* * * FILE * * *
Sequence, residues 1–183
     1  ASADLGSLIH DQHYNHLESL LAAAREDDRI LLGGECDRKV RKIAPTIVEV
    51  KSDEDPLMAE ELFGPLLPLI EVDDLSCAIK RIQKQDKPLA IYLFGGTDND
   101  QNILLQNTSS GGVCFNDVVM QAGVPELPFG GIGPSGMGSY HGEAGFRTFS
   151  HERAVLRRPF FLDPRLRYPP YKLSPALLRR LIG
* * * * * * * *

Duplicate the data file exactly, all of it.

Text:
Sequence, residues 1–183
     1  ASADLGSLIH DQHYNHLESL LAAAREDDRI LLGGECDRKV RKIAPTIVEV
    51  KSDEDPLMAE ELFGPLLPLI EVDDLSCAIK RIQKQDKPLA IYLFGGTDND
   101  QNILLQNTSS GGVCFNDVVM QAGVPELPFG GIGPSGMGSY HGEAGFRTFS
   151  HERAVLRRPF FLDPRLRYPP YKLSPALLRR LIG